Protecting water in conflict zones

Women washing children at water tank, Iraq Women washing children at water tank, Iraq © Photo by Claudiad on iStock

This article is a brief presentation of a report by the Conflict and Environment Observatory.

The COVID-19 pandemic has been a further and powerful reminder of the critical significance of water and water infrastructure. While preventive measures recommend that everyone washes their hands frequently to reduce the risk of contagion, conflict-affected populations often have to deal with scarce access to water, and are, therefore, more exposed to the risk of contracting the disease. In fact, the pandemic has not stopped attacks on water resources and installations.

Water infrastructures are often used as weapons of war or methods of warfare, in spite of international law forbidding such practices, as water-related infrastructures are civilian objects. When water facilities are not deliberately targeted, they may still be damaged as a consequence of an armed conflict. Attacking water facilities results in spreading malnutrition and disease while hospitals and schools struggle to function. Therefore, due to the critical importance of safe drinking water and hand-washing facilities, the pandemic will not be overcome until safe water is provided to civilians in conflicts.

The Conflict and Environment Observatory has published an article underlining the importance of access to water for civilians in conflict zones while also presenting the “Geneva List of Principles on the Protection of Water Infrastructure,” published by the Geneva Water Hub and The Platform for International Water Law. This is a centre at the University of Geneva that was established to foster the prevention of attacks at water installations in conflict zones and promote water as a tool for peace and cooperation. Its work also focuses on researching and understanding the impact of weaponizing infrastructure, such as attacks against water facilities, on the civilian population, health facilities and their personnel and the environment.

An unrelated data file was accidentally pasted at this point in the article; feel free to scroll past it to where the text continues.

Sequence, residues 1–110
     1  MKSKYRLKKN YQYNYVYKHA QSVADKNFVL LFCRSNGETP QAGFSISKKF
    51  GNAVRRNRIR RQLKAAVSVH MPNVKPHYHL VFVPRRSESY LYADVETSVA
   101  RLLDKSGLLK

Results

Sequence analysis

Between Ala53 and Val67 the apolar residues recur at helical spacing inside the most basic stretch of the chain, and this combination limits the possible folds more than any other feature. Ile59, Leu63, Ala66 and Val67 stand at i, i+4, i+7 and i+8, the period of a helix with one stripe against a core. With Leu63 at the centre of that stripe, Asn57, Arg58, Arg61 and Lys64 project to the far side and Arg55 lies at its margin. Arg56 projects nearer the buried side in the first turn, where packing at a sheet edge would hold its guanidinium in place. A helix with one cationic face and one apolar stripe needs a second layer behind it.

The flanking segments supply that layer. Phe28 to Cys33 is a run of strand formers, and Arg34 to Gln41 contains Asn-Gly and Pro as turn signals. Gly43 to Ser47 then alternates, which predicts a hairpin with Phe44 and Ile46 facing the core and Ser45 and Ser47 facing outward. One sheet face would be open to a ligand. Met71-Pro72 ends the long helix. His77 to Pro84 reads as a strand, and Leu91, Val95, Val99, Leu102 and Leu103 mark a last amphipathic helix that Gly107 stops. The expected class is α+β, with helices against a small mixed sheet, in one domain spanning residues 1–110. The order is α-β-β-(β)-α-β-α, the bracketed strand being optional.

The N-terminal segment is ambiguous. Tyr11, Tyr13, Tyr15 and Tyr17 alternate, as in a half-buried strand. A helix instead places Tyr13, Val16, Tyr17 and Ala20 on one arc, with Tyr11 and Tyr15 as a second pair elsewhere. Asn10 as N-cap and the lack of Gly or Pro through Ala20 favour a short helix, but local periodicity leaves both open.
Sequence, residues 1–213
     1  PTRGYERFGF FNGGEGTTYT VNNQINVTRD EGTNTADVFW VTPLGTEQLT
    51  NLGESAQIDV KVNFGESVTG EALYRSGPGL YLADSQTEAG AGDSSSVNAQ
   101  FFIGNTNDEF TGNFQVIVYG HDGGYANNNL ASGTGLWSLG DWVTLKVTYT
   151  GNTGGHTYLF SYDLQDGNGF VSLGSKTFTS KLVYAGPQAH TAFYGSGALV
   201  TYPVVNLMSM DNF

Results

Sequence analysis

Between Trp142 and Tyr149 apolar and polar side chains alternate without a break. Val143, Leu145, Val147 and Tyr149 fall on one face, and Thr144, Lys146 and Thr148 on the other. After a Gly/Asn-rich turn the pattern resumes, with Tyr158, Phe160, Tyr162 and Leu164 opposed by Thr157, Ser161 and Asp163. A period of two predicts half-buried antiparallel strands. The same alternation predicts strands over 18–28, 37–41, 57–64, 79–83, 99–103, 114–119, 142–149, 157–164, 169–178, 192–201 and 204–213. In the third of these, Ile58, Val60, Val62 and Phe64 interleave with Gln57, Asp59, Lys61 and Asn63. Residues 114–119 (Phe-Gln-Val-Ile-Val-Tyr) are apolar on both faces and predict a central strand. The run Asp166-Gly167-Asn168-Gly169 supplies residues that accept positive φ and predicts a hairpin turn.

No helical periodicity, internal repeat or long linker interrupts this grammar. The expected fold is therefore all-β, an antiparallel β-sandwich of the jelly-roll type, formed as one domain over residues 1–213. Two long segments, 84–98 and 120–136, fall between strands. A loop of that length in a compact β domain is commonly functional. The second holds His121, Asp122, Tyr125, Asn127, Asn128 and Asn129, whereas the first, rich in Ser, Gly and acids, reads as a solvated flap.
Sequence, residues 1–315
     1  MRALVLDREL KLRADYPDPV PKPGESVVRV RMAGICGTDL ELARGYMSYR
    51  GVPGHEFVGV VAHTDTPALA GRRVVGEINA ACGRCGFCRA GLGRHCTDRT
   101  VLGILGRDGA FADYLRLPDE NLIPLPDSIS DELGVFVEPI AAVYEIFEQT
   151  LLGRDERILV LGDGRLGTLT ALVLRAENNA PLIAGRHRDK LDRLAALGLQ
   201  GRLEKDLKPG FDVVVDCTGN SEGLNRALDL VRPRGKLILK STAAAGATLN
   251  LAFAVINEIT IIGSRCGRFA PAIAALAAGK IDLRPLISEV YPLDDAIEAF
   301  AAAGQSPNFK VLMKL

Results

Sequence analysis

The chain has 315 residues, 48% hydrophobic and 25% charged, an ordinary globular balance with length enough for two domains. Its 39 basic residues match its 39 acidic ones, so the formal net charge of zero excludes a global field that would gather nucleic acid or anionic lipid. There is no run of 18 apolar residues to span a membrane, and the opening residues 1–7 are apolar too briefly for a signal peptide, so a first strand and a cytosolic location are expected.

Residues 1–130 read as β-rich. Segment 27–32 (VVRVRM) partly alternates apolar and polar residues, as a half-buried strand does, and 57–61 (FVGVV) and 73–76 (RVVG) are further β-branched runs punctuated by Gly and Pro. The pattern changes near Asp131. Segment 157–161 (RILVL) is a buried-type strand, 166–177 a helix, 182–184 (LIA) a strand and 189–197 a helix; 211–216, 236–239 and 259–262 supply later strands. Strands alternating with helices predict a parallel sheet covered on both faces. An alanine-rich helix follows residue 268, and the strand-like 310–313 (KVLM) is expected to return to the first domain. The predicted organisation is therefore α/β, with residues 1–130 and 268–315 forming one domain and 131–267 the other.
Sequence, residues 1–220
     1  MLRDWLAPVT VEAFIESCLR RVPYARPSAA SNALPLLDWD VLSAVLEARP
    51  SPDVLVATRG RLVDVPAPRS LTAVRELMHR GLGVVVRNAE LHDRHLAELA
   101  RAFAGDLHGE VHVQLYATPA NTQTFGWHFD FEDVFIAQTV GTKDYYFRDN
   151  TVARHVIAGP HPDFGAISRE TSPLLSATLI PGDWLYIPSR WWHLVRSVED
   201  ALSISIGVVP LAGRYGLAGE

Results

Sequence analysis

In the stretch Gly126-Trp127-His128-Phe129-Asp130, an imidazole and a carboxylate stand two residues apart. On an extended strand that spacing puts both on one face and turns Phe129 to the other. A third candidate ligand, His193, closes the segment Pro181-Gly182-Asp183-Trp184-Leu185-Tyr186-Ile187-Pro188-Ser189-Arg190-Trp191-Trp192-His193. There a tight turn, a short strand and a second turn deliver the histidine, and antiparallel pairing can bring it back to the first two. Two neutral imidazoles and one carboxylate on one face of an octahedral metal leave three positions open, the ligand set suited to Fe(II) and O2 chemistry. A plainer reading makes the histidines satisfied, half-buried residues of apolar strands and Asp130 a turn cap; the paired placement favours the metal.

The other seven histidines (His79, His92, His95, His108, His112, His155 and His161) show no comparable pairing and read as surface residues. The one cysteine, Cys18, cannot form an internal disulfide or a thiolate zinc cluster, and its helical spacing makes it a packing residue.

The Geneva List of Principles on the Protection of Water Infrastructure (GLP) was intended to reinforce the knowledge and the implementation of international humanitarian law (IHL) concerning water and water infrastructures. Its main objective, therefore, is to provide a guide that collects in one document all the norms related to the protection of water facilities in conflict situations. In order to do so, the reference document gathers relevant information from different branches of international law, including human rights law, environmental law and international water law, together with other relevant United Nations Security Council resolutions concerning deliberate attacks on a water supply. The GLP also wants to stress the relationship between water, health care, the environment and post-conflict peacebuilding.

Using water as a weapon against civilians – carrying out deliberate attacks at water facilities – is not only a violation of international law as it prevents civilians from accessing an essential resource, but it also increases the risk of contracting COVID-19 as the population cannot comply with preventive measures. The pandemic should, therefore, shed light on the importance of safeguarding water and water infrastructure in areas of conflict, where civilians are being disproportionately affected by the pandemic, inviting all actors involved to take action.

 

To know more, please read:

ceobs.org/covid-19-shows-why-protecting-water-in-conflict-is-vital/

genevawaterhub.org/sites/default/files/atoms/files/gva_list_of_principles_protection_water_infra_www.pdf

 

Author: Laura Manzi; Editor: Andrew Goodell

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